Young Professional 2021: Erin M. Braich

Erin Braich

Erin M. Braich

Transportation Planning Manager
Benton-Franklin Council of Governments

Favorite music?
Common Kings

Favorite thing to
do in Tri-Cities?

Ride bikes along the river with my fiancée (Kayla), dog (Edgar), and cat (Kona – in his cat backpack).

Favorite Tri-City restaurant?
Dovetail Joint (best chicken
sandwich in town) and Family
Garden (best garlic chicken)

First thing you check on
your phone in morning?
Text messages (I am in a lot
of group chats)

Age: 27

Current city of residence: Richland

How long have you worked for the council of governments?
Since December 2018 (2.5 years)

Briefly describe your organization.
The Benton-Franklin Council of Governments (BFCG) was established in 1966 as a voluntary association of the units of government in Benton and Franklin counties.

The organization is structured as a regional planning commission, a council of governments and a regional transportation planning organization under state law and as a metropolitan planning organization and an economic development district under federal laws.

BFCG’s focus is on economic development, community development and transportation planning by providing a regional forum for multi-jurisdictional decision making and provision of multi-jurisdictional programs.

Education and certifications:
University of Hawaii at Manoa: Master of Arts, Urban and Regional Planning. Certificate in Disaster Management and Humanitarian Assistance.

Eastern Washington University: Bachelor’s in urban and regional planning. Certificate in Geographic Information Systems.

Briefly describe your job and how you got into it: I was sold on becoming an urban and regional planner through free pizza at a major fair at Eastern Washington University.

Originally, I wanted to be an architect. However, Eastern Washington did not have an architecture program, so through free pizza and being convinced that urban and regional planning is architecture at the city scale, I found my passion.

Urban and regional planning combines collaboration, problem solving, data analysis and no two days ever being the same.

I was hired by BFCG out of graduate school in December of 2018 as a transportation planner and was promoted to senior transportation planner and then transportation planning manager by September of 2020.

While working at BFCG, I consistently find myself as the youngest professional in the room when discussing planning projects. However this does not discourage me from standing up for the highest and best use of resources. During my time at BFCG I have accomplished the following:

  • Project lead for the update of the Congestion Management Process (CMP) and Regional Active Transportation Plan for the Tri-Cities region while coordinating with representatives from local jurisdictions and implementing industry best practices.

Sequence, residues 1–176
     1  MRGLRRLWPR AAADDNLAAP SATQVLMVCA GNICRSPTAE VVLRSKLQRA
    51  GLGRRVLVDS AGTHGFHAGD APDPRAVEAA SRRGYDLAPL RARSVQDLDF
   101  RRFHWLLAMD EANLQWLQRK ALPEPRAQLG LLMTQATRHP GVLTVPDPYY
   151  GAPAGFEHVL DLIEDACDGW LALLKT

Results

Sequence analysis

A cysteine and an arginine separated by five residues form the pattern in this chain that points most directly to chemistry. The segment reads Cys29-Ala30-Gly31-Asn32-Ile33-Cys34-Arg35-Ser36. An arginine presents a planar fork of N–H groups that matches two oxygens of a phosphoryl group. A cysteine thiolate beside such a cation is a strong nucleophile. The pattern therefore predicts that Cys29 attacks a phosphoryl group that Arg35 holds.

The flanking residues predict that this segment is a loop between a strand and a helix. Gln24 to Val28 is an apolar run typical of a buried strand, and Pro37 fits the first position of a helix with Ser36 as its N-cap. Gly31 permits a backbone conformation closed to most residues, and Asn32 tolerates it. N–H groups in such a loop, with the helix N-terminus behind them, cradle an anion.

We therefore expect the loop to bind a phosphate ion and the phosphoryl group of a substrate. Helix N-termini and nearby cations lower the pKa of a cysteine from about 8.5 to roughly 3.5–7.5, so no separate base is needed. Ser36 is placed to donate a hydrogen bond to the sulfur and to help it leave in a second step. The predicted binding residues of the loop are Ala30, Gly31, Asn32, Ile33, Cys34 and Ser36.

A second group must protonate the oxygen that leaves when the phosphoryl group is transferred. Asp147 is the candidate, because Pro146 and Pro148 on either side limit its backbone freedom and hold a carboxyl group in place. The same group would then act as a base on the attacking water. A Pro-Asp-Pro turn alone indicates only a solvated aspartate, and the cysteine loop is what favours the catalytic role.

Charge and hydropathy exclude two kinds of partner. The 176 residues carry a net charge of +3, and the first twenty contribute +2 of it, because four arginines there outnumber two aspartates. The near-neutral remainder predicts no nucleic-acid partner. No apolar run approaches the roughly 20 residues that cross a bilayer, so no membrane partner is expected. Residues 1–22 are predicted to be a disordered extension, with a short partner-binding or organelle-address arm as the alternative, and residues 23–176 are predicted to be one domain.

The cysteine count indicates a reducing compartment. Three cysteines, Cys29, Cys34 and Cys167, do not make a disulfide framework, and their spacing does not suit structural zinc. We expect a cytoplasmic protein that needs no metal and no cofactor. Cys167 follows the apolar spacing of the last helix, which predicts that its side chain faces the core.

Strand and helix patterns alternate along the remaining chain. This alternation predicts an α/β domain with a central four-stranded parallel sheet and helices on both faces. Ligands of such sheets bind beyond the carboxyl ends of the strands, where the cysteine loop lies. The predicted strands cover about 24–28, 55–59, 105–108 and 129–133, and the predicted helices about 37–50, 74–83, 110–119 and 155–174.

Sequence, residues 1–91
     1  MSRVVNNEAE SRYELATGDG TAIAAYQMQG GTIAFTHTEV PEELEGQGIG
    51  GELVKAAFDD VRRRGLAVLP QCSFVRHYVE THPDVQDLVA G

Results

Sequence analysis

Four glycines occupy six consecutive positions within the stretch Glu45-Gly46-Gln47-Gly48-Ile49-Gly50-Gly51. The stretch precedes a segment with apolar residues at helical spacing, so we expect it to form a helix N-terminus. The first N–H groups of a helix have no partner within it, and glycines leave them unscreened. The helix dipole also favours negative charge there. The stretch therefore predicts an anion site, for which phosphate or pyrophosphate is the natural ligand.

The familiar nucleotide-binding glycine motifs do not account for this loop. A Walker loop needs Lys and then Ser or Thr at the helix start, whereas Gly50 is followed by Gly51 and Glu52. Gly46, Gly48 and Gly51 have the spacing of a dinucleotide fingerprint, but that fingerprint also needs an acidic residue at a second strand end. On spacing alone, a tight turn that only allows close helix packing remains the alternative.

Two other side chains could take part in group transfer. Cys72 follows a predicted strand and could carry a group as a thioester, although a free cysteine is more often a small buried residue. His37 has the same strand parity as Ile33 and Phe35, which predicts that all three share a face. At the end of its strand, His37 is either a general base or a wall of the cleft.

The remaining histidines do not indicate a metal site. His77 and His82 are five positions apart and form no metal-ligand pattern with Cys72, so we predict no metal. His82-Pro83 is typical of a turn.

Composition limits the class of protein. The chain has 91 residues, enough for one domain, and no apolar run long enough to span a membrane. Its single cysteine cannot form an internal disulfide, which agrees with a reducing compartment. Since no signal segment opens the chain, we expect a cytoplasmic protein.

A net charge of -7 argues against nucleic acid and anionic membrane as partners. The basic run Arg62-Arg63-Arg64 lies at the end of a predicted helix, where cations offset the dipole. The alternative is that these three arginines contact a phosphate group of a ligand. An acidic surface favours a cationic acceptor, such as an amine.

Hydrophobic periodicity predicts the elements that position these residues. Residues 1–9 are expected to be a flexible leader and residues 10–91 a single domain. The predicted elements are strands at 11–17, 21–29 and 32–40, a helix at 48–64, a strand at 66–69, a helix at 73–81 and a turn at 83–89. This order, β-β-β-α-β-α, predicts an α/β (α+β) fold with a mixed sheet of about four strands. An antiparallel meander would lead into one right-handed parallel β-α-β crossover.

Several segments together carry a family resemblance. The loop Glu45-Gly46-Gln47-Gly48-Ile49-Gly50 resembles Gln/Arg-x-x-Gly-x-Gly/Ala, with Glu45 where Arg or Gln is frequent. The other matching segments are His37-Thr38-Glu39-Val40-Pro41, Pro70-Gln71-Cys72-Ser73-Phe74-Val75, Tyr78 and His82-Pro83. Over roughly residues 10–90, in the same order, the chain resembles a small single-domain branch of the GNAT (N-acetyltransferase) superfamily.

• Restructured the Geographic Information System on BFCG’s website to display updated regional traffic count, Title VI, CMP, active transportation and travel demand model data.
  • Oversaw the 2019 Benton-Franklin Council of Governments Call for Projects (BFCG allocated over $15.1 million to local jurisdictions for transportation projects) and wrote the Call for Projects Guidebook outlining the procedures and funding sources of the call for projects process.
  • Updated BFCG’s Title VI Report and implemented Title VI emphasis area methodology into all planning processes and documents.
  • Developed the Unified Planning Work Program for the transportation department of BFCG for the previous two fiscal years and a total budget over $2.5 million.
  • Created and administered a request for proposals for travel demand model improvements and technical assistance for the land use update in the long range transportation plan.
  • Coordinated with local jurisdictions to conduct Growth Management Act reviews of the transportation element within their comprehensive plans.
  • Worked with colleagues to create professional development plans and identify their individual strengths, goals and needed skills to obtain their professional objectives

Today, as the transportation planning manager, managing a team of four, we work to solve regional planning issues through collaboration and multimodal solutions. The Tri-Cities region is growing very quickly and being a part of shaping the future of the place I grew up is an amazing opportunity and privilege daily.

How long have you lived in the Tri-Cities?
22 years (moved away for undergrad and graduate school, then moved back.)

How did you earn your first dollar?
Umpiring Little League games at Richland National Little League.

Did the pandemic affect your daily work life? If so, how?